I’m very good at a lot of things.
I’ve spent the past 23 years mastering (and forgetting) the oddest of skills, one being knitting, but my favourite one being shooting hoops. I knew that shooting three pointers would be nearly impossible for me, what with my height and fear of being off the ground as a factor, but for a year of my life when I was like 8/9, I would stand on our school’s basket ball court and practice shooting 2 pointers for 30 minutes before the bell rang. No frills, no “dunking on em” just plain old throwing the ball in the hoop. I would make 50-100 free throws before my day started. When I had a moment (usually at the end of the day when I was home) I would think about the shots I missed and made, why they worked and why they didn’t. More than 10 years later I still have that skill and it helped that I haven’t gotten any taller (I didn’t have to recalculate my moves) and as much as I do believe that the concept of 10 000 hours is an elitist one that doesn’t take into consideration socio economic nuances for people like me. People who have had no “free” time, minimal resources and no freedom of movement what so ever. I do believe that practice makes perfect.
Years later my perfect self was at my varsity church’s camp and we were put into teams, in that random selection that isn’t so random kind of way, and we were to eat sleep and breathe as a team!
If you know youth camps, they don’t waste time, and just as we got acquainted with our team member’s, the first challenge was announced.
There was an even split of girls and boys. The boys immediately looked at the girls and asked:
“Who plays netball?”
Basically all the girls raised their hands.
Me: “I think we should all get a turn, we have 2 minutes to get as many balls in the hoop as possible and there’s all but 6 of us, surely we can all have a go.”
(I had always hated the mysoginistic undertones that followed “women centered” sports. The comments on the size of our skirts and how we looked when we ran. Nope.)
Enthusiastic boys: “Yeah yeah yeah that’s true! But let’s have the netball girls in front”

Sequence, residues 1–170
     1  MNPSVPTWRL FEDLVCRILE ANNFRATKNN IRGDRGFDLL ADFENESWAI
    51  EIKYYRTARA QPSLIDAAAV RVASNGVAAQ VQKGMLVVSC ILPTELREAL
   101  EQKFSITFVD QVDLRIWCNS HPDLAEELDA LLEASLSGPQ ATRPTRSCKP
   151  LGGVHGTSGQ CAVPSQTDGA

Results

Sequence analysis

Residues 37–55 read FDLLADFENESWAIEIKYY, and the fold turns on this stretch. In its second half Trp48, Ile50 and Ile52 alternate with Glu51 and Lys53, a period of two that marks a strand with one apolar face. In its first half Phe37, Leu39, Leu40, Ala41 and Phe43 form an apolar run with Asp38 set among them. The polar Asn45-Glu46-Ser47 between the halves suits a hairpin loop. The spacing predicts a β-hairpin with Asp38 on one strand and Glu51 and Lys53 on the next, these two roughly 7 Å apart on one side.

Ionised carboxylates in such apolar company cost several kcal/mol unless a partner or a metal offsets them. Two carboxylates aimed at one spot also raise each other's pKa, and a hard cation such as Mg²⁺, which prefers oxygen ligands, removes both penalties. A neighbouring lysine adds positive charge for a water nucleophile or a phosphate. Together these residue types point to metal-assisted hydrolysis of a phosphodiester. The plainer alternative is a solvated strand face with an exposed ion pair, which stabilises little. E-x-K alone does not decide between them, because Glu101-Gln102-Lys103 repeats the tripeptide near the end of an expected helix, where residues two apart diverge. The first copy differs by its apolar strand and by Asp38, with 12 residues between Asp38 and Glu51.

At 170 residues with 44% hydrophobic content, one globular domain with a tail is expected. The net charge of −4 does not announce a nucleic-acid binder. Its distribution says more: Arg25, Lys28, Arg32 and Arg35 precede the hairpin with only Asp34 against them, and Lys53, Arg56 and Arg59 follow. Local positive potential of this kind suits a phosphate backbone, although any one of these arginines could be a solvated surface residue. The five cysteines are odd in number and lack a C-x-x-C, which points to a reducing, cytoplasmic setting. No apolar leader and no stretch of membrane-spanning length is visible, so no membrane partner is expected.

The whistle went and the game started. I was somewhere in the middle of the line.
I remember my clean execution as I casually got my first ball in the hoop and then my second and then my third. I got a ball in the hoop every time it was my turn (around 3 times). The crowd cheered. I was in my element. 30 minutes a day, 4 days a week for a year, I took Fridays off coz I knew rest was important even then.
I was DJ Khaled to that hoop.
WE THE BEST!
I was sent to this planet for such a time as this!
During the last 30 seconds, one of the more enthusiastic boys took it upon himself to only have him and his tall friend shooting.
My stomach dropped.
No more netball girls, who had been seen as fit to lead the team to victory because of their experience with nets and balls, just two guys throwing our hopes and dreams into anything BUT the hoop.
They got none of the balls in.
I had never been so disappointed in my entire life. I stood there wondering why they hadn’t just passed me the ball. I’ve always been a show don’t tell kind of person and I showed them my skills but I still felt like I wasn’t good enough. Why did I have to prove myself more than everyone else? Why did the girls on my team, including myself, step aside and watch while we drew further and further away from that number one spot.
In Issa Rae’s Insecure (season 2 episode 1-3) Molly finds out that her colleague who does the same job as her (with a lot less swag) and is a white male, is earning a good amount more than her. She doesn’t confront her boss about instead she tries to infiltrate their “boys club” by watching sports and socialising with them at after work events, but do they even know they’re in a boys club?
One, you can’t solve a problem you don’t know you have.
Two, we have all toxic internalised behaviour’s that need to be unlearned daily.
So what does Molly do?
I don’t know, the rest of the season isn’t out yet.
But I think it’s always easier to try and be one of the boys than stand up to the boys and that’s just because boys get to be big and bold and overly confident without it causing a stirr. Women are taught to be small. We need to aspire to be small in size, in character, even our feet and hands are judged on how small they are. We’re “supposed” to be compact, pocket size, forgetable.
We’re everything but.
I still don’t know what I would do today if the church camp incident happened again and I don’t really know how to end this so…